Weatherford v. WEATHERFORD

Annotate this Case

199 Or. 290 (1953)

257 P.2d 263

260 P.2d 1097


Supreme Court of Oregon.

Argued May 4, 1953.

Reversed with instructions May 20, 1953.

Petition for rehearing denied September 15, 1953.

*292 Wilber Henderson, of Portland, and John F. Kilkenny, of Pendleton, argued the cause for appellants. With them on the briefs were Raley, Kilkenny & Raley, of Pendleton.

William F. Bernard, of Portland, argued the cause for respondent. On the brief were Collier, Bernard, Bernard & Edwards, and Norman N. Griffiths, all of Portland.

Before LATOURETTE, Chief Justice, and LUSK, BRAND, and TOOZE, Justices.



This is a suit for specific performance of an alleged option which plaintiff Marion T. Weatherford claims was given to him by his brother, the defendant H.R. Weatherford, to purchase what is known as The Morrison *293 Field, containing 320 acres in Gilliam county. From a decree in favor of plaintiff, defendants appeal.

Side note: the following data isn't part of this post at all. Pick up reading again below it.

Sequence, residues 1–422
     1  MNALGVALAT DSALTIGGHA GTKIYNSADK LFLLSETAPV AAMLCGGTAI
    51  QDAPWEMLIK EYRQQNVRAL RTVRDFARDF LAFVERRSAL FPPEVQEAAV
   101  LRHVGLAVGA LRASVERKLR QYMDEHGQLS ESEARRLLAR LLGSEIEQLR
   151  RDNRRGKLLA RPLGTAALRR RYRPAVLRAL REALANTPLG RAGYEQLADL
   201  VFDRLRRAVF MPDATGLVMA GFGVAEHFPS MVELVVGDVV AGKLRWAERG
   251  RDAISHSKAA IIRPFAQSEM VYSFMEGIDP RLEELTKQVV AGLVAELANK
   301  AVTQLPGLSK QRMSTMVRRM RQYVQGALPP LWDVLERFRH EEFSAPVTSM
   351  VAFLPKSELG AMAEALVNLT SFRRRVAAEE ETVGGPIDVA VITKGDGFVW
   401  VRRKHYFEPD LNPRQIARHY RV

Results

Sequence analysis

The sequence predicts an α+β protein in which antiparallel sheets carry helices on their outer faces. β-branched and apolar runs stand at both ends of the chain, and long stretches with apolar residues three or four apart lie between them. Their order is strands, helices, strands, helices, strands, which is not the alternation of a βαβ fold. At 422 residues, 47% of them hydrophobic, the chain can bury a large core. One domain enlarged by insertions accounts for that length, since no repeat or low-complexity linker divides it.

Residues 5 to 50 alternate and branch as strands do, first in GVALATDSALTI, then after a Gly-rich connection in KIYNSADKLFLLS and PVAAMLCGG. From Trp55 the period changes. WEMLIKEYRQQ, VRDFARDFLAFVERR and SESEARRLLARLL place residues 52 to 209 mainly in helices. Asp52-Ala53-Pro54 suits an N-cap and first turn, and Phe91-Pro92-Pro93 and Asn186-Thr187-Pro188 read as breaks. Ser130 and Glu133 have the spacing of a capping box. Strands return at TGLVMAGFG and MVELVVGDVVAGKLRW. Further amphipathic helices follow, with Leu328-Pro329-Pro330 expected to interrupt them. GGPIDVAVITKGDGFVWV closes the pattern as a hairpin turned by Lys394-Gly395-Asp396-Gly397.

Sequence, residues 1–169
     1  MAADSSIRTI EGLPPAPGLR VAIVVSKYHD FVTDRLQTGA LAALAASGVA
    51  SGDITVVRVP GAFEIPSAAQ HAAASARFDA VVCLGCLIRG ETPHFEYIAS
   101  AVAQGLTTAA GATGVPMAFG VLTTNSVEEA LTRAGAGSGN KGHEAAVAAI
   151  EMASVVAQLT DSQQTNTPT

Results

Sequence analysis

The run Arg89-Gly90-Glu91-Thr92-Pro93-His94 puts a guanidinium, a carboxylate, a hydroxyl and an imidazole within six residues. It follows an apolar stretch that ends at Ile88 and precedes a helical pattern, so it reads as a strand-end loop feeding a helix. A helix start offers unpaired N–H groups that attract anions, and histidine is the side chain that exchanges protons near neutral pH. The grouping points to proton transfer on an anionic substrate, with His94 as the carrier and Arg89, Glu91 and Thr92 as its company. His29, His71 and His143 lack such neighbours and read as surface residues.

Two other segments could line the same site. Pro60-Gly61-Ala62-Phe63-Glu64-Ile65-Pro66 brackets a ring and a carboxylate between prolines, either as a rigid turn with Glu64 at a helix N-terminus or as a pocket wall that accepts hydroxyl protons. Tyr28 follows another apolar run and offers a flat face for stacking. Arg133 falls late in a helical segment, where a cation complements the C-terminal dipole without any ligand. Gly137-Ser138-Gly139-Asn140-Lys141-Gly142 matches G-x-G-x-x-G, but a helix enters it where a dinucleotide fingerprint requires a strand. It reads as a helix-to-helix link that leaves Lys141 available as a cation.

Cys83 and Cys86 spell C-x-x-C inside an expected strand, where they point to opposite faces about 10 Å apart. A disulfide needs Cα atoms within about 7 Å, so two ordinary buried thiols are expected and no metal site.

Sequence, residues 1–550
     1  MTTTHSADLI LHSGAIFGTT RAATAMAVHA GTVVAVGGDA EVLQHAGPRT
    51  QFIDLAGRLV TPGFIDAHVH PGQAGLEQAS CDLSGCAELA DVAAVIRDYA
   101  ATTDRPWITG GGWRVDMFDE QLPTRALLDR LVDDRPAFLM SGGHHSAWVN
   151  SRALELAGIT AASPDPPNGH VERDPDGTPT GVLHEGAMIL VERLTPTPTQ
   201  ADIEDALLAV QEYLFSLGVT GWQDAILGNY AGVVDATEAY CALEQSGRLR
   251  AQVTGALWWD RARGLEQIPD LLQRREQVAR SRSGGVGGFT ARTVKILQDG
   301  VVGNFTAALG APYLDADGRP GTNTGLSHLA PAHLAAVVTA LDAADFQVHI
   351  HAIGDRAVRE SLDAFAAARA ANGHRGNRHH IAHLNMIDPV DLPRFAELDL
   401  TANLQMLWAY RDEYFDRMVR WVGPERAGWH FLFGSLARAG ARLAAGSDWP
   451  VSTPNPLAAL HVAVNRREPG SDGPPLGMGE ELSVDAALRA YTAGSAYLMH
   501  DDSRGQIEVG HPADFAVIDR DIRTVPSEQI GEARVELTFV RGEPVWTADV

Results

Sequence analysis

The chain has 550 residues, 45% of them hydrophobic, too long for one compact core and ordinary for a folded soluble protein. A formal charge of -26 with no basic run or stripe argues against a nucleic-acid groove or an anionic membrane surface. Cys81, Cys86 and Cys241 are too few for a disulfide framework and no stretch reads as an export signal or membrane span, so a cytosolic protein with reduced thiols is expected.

It is alleged in the complaint that prior to August 31, 1948, the plaintiff, Marion T. Weatherford, and defendants, H.R. Weatherford, Frank M. Weatherford and Barbara Athearn, brothers and sister, jointly owned the property above described; that on said date the said parties entered into an agreement whereby they mutually promised and agreed upon a division of their properties, including the above-described parcel, owned jointly by them; that under said agreement the defendant H.R. Weatherford became sole owner of the above-described parcel, and it was further mutually promised among them that in the event either Frank M. Weatherford, H.R. Weatherford, Marion T. Weatherford or Barbara Athearn, should decide to sell any part or all of the property distributed to any one of them under the aforementioned division, then any of the others of them would have the option to purchase the piece decided to be sold at a price comparable to any bona fide offer; that subsequently the defendant H.R. Weatherford purported to transfer his interest in said property to Edith M. Snell and David L. Lemon and Margaret S. Lemon, without giving plaintiff the privilege of exercising such option; and that said Edith M. Snell and the Lemons purchased the property with notice and knowledge of such option.